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How yoga taught me to cope with my Mum’s cancer fight

Why I started doing yoga? It was a journey of fitness for both mind and body...

By Sonal Tiwari, Assistant Features Editor

Waking up at 6am was not my cup of tea. But I watched my mother wake up at 4am every morning to practise yoga. This was in 1997. But now, things have changed. I wake up at 6am.

My first experience with yoga was when I was 8 years-old. We had a yoga teacher come home to teach my mother, who was only starting her yoga journey. Little did she know yoga would be life transforming or even saving for her?

I was an athlete back in school and yoga always intrigued me, also because I watched my mother practise, so closely. The first asana (an asana is a body posture, originally and still a general term for a sitting meditation pose) my Mum taught me was vrikshasana or the tree pose. I loved doing it. Reason, it required me to balance on one leg, which required immense focus.

From then on, I would try to sneak into my mother’s yoga session and ask her to help me try new asanas. And just like that, I started practising yoga on and off. I moved to Mumbai for work and every long distance phone call with Mum was accompanied by a soft reminder to practise yoga, especially because I had started gaining weight.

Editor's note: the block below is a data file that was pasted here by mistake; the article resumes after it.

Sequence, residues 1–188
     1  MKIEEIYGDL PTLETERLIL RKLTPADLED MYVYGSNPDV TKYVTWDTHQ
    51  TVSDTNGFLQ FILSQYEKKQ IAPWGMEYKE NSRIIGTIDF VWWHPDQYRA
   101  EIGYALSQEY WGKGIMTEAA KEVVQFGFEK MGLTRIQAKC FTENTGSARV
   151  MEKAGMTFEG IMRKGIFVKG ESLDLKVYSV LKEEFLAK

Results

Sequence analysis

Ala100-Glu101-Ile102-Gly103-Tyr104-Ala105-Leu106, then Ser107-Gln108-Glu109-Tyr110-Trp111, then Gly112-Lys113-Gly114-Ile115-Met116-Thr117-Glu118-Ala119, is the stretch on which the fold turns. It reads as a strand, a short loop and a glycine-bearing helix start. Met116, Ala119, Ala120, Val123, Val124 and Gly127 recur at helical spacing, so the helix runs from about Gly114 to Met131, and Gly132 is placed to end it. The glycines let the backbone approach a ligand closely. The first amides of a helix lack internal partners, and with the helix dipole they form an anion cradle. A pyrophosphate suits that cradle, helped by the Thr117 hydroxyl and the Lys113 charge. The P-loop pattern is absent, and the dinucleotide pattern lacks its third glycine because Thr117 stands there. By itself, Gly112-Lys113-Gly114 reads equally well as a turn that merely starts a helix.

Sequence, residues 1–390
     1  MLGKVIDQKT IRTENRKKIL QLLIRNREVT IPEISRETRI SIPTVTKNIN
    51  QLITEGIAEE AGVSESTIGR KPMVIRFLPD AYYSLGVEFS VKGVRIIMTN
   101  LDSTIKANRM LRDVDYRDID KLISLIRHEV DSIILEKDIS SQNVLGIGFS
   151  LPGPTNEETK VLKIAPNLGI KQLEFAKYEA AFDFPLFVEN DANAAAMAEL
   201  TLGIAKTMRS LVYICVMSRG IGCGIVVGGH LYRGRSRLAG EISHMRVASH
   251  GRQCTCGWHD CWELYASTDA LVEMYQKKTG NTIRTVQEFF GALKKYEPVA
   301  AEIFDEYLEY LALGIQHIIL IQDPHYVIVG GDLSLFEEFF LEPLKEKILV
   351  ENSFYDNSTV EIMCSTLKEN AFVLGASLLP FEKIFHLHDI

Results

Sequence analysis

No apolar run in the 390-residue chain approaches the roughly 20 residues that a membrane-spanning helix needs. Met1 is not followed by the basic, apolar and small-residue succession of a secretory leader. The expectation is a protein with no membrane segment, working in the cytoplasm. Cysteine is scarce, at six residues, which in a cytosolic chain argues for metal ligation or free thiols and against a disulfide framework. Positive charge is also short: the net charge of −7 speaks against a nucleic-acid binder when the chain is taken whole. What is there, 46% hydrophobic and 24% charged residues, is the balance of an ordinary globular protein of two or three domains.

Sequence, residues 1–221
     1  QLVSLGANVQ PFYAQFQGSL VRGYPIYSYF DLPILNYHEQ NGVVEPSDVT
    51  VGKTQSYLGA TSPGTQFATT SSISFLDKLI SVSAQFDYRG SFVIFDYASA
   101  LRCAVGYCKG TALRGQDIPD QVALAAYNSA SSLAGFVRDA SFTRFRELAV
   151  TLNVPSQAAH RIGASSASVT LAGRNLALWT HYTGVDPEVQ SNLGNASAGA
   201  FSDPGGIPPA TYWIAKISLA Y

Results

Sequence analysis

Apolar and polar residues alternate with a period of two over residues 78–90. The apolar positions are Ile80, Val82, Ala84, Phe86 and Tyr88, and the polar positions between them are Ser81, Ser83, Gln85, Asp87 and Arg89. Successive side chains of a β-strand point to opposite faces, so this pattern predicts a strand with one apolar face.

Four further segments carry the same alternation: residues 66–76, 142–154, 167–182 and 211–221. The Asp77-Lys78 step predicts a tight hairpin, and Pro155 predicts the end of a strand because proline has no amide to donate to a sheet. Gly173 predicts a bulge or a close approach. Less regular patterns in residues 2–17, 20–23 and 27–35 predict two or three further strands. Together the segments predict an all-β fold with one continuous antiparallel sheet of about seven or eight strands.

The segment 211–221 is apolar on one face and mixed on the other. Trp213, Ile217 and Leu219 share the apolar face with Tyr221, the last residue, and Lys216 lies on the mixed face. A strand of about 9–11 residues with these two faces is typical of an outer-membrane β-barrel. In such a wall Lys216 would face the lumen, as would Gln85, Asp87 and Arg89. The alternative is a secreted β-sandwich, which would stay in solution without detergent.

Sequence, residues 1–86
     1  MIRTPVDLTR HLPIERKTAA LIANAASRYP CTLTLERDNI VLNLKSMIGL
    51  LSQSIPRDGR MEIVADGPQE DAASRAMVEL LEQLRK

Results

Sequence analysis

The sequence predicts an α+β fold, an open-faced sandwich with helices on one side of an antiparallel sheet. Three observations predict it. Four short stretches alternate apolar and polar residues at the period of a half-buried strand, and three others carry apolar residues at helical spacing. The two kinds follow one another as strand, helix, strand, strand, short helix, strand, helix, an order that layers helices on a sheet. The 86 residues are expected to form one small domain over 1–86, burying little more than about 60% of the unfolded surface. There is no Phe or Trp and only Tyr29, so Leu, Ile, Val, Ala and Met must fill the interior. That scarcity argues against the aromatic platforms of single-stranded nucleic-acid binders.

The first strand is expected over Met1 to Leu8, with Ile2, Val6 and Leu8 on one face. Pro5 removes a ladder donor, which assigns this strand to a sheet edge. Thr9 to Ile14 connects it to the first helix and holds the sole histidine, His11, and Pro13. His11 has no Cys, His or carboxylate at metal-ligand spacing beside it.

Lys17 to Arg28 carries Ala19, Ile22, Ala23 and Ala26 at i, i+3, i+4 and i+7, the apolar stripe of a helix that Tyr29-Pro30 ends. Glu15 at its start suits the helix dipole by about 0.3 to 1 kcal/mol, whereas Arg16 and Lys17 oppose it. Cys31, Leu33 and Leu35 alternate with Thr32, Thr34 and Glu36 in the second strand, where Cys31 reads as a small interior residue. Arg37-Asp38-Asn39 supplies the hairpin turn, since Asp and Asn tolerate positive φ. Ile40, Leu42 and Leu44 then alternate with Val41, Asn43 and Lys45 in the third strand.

I joined a rather expensive Ashtanga yoga class, but was pretty soon intimidated by the celebrities who were part of the students. And within a month gave up and decided to practise on my own, which, of course, didn’t happen though. I would practise the few asanas mum taught me, that’s about it.

It was in the year 2017 when I went to pursue my masters abroad that I witnessed the true popularity of yoga, first hand. And decided to catch-up on my practice.

Moving back to India in 2019, I continued learning from mum until right before the pandemic. In February 2020, my mother was diagnosed with breast cancer. Our world was about to change. It was detected at the right time, and within a weak she was operated upon and within 21 days started with chemotherapy. It was scary.

We did not know what would happen, but we knew it was a fight, a bigger one for mum. The doctors were happy she was a yoga practitioner.

One and half years later I am a certified yoga trainer. There are good and bad days, some hectic and others more tiring but seeing my mum fight, I’ve learnt to keep going, just like yoga.